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“Yonder is the ‘Devil’s Mile,’ which extends from here [the Angel] to the ‘Cock’ at Highbury, and along which we will steadily make our way. This is not my title; North Londoners themselves have designated it as such. It is an appropriate name, however, for the devil’s imps seem to perambulate through it, both day and night. It’s past midnight, and look at these young girls with their besotted countenances.”
– Henry Vigar-Harris, London at Midnight (1885)
Upper Street, the stretch that connects Highbury & Islington to Angel is a prime example of London’s gentrification. The Devil’s Mile, as it was once called, was a part of the cattle-droving route than ran all the way from Scotland to Smithfield. It was, by all accounts, an area of disrepute; a hub of prostitution, liquor and crime. Dickens went so far as to describe it as “amongst the noisiest and most disagreeable thoroughfares in London”.
While the buzz (and, arguably, the drinking) have remained, the Islington of 2017 couldn’t be more different. Quirky boutiques, restaurants and some of the City’s best interiors shops line both sides of what is now a creative and well-heeled neighbourhood. Like most areas in central London the lower end of Upper Street, by Angel station, has fallen prey to the power of chain stores; the northernmost part, where Malin+Goetz has set up shop, has, thankfully, retained its independence and is home to Islington’s real gems. The borough’s beauty extends all the way into the residential areas of Canonbury and Barbsbury, and down Essex Road where there’s less ‘polish’ but tons of character.
Camden Passage Market
This cobbled side street is home to one of London’s most celebrated and authentic antique markets. If you’re bargain hunting for silverware, retro clothing, quirky gifts or vintage ephemera, the stalls and shops are well worth a visit (and, unlike so many other markets it’s completely free from tacky tourist tat). Alternatively, you can grab a flat white and people watch from the window of The Coffee Works Project.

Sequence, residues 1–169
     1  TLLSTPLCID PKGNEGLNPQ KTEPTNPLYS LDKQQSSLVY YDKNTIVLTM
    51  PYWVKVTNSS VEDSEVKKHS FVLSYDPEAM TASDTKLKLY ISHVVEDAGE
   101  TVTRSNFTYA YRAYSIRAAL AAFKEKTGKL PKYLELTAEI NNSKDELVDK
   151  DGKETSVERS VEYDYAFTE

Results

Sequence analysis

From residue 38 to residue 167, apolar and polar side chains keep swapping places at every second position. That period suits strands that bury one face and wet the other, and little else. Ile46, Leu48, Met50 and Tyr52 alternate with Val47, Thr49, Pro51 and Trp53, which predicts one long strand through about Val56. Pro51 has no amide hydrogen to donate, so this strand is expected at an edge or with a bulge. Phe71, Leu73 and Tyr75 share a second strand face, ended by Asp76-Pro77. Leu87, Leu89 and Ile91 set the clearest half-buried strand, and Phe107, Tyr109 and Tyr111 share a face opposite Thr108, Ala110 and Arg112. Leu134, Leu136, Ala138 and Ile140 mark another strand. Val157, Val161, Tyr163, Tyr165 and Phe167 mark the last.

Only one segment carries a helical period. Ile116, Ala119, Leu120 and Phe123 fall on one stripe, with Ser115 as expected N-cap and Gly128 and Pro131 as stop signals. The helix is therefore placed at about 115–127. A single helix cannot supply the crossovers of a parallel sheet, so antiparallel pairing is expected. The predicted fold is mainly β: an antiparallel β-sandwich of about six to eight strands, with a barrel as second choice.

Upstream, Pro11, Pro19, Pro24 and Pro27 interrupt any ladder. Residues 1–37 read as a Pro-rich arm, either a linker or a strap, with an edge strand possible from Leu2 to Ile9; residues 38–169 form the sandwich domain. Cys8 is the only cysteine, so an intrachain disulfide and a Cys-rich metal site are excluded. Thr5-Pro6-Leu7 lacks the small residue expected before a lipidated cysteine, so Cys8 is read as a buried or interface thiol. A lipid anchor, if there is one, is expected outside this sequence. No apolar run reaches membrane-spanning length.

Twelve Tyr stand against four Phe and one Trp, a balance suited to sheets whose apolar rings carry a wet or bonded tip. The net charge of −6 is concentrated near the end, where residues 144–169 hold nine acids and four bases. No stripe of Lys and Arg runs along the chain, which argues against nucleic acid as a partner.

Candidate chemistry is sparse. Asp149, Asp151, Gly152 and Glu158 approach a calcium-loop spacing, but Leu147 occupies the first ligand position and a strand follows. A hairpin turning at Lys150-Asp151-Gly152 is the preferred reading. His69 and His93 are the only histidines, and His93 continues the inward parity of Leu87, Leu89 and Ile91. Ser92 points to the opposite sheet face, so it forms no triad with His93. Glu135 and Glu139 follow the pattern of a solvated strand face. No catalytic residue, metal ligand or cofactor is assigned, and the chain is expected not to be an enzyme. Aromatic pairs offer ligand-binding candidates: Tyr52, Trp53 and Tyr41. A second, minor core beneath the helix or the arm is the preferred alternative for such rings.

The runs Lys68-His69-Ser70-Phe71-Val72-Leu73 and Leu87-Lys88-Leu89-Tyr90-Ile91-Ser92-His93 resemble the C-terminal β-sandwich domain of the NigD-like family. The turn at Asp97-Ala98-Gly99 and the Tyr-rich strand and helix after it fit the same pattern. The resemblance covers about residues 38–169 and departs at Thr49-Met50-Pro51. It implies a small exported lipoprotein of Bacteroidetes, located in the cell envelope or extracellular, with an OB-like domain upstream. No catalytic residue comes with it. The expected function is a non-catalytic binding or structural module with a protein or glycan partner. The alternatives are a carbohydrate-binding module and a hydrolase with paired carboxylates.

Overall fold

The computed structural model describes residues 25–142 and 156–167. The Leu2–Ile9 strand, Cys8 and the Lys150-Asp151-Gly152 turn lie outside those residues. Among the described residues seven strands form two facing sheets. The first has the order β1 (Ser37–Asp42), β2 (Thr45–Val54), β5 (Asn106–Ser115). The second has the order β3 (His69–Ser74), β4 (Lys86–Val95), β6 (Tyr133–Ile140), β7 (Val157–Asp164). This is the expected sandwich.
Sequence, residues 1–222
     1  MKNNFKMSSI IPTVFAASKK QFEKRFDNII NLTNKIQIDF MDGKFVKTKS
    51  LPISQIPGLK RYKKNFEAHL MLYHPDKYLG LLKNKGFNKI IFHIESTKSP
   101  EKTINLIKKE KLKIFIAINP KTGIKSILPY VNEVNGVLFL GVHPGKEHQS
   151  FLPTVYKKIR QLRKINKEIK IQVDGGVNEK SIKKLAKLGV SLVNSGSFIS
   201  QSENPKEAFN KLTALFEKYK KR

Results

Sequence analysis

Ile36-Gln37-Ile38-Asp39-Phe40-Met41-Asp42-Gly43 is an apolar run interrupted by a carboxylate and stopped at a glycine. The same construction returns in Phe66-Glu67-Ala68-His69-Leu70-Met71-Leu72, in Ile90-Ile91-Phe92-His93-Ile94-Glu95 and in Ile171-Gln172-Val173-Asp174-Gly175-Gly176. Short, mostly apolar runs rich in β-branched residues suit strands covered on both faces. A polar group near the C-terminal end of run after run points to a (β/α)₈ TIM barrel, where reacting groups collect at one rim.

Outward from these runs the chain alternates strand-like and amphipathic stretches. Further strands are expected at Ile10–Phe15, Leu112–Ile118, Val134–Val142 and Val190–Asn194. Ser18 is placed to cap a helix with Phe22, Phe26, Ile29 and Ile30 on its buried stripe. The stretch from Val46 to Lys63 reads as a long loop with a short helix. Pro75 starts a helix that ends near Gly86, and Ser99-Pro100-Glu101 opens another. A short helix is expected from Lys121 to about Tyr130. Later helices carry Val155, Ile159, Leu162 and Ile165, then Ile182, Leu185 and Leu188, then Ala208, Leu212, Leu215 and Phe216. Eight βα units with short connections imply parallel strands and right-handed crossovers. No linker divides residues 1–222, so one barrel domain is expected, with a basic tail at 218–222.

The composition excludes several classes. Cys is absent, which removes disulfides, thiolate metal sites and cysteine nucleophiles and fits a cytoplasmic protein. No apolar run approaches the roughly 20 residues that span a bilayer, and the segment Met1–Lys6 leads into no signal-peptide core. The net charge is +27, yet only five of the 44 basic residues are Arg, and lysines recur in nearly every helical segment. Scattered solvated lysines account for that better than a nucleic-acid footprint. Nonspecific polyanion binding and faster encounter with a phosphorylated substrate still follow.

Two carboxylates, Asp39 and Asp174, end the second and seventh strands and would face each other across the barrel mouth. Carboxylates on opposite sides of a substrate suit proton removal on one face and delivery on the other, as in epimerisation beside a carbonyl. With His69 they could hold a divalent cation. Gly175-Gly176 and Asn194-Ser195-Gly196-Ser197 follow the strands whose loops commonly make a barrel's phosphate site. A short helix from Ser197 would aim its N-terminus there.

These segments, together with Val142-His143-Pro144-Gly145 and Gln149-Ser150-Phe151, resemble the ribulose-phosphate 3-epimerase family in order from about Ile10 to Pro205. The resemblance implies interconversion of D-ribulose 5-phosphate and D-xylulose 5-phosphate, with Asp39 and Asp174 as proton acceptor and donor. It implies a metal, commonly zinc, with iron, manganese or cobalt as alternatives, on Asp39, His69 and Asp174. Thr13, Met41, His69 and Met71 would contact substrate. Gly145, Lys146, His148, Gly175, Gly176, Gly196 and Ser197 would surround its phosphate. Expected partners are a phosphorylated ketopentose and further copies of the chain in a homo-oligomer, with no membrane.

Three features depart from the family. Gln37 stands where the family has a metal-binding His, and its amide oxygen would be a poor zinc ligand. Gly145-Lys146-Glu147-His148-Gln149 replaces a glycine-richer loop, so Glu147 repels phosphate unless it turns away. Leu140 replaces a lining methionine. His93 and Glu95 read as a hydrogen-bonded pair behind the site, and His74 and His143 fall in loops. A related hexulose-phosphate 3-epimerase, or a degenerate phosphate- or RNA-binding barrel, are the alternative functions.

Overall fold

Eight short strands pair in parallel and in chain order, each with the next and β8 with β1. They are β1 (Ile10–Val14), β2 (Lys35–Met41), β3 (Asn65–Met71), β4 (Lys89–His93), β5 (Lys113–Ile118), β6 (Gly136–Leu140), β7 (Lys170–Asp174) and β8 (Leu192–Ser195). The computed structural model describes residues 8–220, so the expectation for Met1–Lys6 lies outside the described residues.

N.B. Camden passage is not to be confused with Camden Market, which is located in the neighbouring borough.
Camden Passage, London N1 8EA
Another of Islington’s hidden treasures, this Grade 1 listed building is a working church, a fantastic concert venue and home to The Margins Project, an initiative for those who find themselves homeless in London. As a non profit organisation, every penny spent on the premises goes into the restoration of this unique Victorian Gothic building. Catch a gig there if you can – the acoustics are otherworldly.
19b Compton Terrace, London, N1 2UN; unionchapel.org.uk
A former Salvation Army chapel, the Almeida couldn’t be more different to the glamorous playhouses of the West End. And yet it is anything but ‘fringe’.A slew of Olivier awards for recent productions including an adaptation of Orwell’s Nineteen Eighty-Four and Ibsen’s Ghosts have finally credited the playhouse with the reputation it always deserved. With only 325 seats it can afford to be far more creative and risky than a glitzy West End production (see 2013’s production of American Psycho, for example).
Almeida Street, Islington, London, N1 1TA; almeida.co.uk
It’s a ten minute walk from Upper Street, but Exmouth Market is well worth a visit, if only to feast at the fabulous Moro (or, indeed, the tapas bar next door, Morito). It’s also home to Borough Wines, where you can find natural, organic and biodynamic wines from England and beyond. Should the mood take you, The Family Business, one of London’s lauded custom tattoo parlours, is also located here.
Exmouth Market, Clerkenwell, London EC1R 4QL; exmouth.london
Sadler’s Wells Theatre
“You’ve got the National Theatre for drama, English National Opera for opera and I want Sadler’s Wells to perform the same function for contemporary dance.” These were the words with which Alistair Spalding reintroduced Sadler’s Wells in 2005. In the following twelve years it has cemented that intention with productions from the Paco Peña Flamenco Dance Company, Rambert and Matthew Bourne. An essential visit for fans and students of dance.
Rosebery Avenue, London EC1R 4TN; sadlerswells.com
Written By: Ahmed Zambarakji, award winning journalist and one of the UK’s leading Health and Grooming Editors